Mr. Phillips “was our true north,” Viguerie said in an interview Wednesday. “If he thought we were not being exactly consistent with our principles . . . he was very quick to remind us that we had wandered off the reservation.”
Describing organizations behind the New Right movement, The Washington Post once called the Conservative Caucus “the most militant group of them all.” Mr. Phillips said that his group was “engaged in guerrilla warfare on 435 different fronts,” referring to the 435 congressional districts, and crisscrossed the country in unflagging organizing efforts.
“Conservatives used to believe their job was to lose as slowly as possible,” Mr. Phillips once told the New York Times. “I don’t just want to slow the train down; I want to put it on another track.”
In 1975, he, Viguerie and others leaders met with former California governor Ronald Reagan at the Madison Hotel in Washington and tried to persuade him to run for president the next year as an independent — an opportunity, in their view, to further invigorate the conservative movement.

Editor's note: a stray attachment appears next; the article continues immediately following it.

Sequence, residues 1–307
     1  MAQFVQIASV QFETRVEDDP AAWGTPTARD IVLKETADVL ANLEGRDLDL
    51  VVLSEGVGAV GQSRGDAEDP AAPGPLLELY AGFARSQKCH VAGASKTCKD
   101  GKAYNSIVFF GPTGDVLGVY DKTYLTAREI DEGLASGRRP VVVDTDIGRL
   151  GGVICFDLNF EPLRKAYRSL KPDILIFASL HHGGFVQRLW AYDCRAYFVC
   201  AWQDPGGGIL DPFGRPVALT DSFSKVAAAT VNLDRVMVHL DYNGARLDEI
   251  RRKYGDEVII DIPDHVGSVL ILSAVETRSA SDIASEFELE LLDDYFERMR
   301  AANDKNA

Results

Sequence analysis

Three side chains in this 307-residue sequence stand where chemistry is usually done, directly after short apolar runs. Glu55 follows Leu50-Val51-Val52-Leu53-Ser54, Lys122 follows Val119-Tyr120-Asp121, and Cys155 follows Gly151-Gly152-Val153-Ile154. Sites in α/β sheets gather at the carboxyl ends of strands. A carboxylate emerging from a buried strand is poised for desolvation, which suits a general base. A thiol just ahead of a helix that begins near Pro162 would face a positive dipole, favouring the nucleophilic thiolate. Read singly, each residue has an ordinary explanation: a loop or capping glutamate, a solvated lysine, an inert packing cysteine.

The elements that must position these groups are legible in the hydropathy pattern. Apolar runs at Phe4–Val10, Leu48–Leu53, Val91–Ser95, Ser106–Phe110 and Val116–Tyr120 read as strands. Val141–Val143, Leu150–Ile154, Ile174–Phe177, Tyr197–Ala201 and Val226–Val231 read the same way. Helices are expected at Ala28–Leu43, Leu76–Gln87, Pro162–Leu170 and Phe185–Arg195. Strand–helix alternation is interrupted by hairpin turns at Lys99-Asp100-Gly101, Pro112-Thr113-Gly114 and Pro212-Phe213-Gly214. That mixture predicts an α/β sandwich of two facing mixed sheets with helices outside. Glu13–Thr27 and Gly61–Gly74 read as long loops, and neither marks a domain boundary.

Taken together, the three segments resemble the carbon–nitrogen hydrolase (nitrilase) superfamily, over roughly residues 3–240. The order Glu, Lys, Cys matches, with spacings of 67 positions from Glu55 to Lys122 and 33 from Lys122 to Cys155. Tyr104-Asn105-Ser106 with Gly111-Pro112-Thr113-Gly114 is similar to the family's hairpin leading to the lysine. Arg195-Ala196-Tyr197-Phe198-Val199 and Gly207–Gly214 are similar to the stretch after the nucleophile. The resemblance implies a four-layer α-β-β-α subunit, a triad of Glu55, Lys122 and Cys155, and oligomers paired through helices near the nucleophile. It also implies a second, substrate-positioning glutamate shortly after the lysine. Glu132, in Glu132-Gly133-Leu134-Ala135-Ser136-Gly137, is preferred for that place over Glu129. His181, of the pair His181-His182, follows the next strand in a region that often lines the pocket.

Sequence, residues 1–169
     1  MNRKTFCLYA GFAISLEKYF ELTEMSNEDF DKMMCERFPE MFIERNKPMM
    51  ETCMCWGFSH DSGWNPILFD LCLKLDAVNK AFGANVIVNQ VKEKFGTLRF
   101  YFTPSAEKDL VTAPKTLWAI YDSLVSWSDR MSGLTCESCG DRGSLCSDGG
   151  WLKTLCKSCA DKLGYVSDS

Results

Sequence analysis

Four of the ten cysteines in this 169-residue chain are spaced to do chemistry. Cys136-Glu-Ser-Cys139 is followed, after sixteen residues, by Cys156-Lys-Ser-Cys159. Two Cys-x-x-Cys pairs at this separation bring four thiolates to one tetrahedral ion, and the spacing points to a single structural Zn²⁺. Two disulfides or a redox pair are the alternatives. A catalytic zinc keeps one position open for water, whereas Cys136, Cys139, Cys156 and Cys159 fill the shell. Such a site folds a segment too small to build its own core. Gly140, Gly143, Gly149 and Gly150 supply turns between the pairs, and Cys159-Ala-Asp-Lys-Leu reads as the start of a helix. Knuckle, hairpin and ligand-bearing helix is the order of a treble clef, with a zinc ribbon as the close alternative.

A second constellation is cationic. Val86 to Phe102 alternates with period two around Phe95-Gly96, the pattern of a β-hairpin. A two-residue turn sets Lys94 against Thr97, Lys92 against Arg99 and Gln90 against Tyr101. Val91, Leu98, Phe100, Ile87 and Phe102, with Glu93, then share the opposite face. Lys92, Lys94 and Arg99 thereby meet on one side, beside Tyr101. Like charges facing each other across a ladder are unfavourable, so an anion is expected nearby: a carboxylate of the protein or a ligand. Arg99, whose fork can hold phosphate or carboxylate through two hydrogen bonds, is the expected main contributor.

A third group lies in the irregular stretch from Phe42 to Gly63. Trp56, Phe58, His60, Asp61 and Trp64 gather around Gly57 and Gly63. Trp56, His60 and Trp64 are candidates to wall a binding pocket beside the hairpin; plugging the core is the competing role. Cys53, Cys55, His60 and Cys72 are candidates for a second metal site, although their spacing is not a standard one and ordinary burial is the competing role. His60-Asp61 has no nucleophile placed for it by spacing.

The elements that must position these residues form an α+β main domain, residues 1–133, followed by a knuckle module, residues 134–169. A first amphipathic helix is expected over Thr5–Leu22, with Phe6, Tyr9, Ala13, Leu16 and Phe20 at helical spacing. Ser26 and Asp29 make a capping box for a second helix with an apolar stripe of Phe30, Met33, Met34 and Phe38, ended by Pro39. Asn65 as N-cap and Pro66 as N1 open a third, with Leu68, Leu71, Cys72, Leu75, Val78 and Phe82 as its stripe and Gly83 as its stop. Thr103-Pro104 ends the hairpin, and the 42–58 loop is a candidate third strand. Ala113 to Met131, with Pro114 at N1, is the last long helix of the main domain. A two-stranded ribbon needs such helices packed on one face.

Reagan declined, The Post reported, on the grounds that he was a Republican first and conservative second.
Reagan failed to win the Republican presidential nomination in 1976 but had landslide general election victories in 1980 and 1984. For Mr. Phillips, Reagan’s conservative bona fides were lacking. After the president’s dealings with Soviet leader Mikhail Gorbachev, Mr. Phillips called him a “useful idiot for Soviet propaganda.”
Along with other New Right leaders, Mr. Phillips clashed with Reagan over the nomination of Supreme Court Justice Sandra Day O’Connor, whom they regarded as insufficiently opposed to abortion rights.
“All they’ve done,” Mr. Phillips said of the Reagan administration, “is throw us a few bones to keep the dogs from biting their heels.”
President George H.W. Bush, too, proved insufficiently conservative. In 1992, disaffected with Republicans, Mr. Phillips founded the U.S. Taxpayers Party, later renamed the Constitution Party.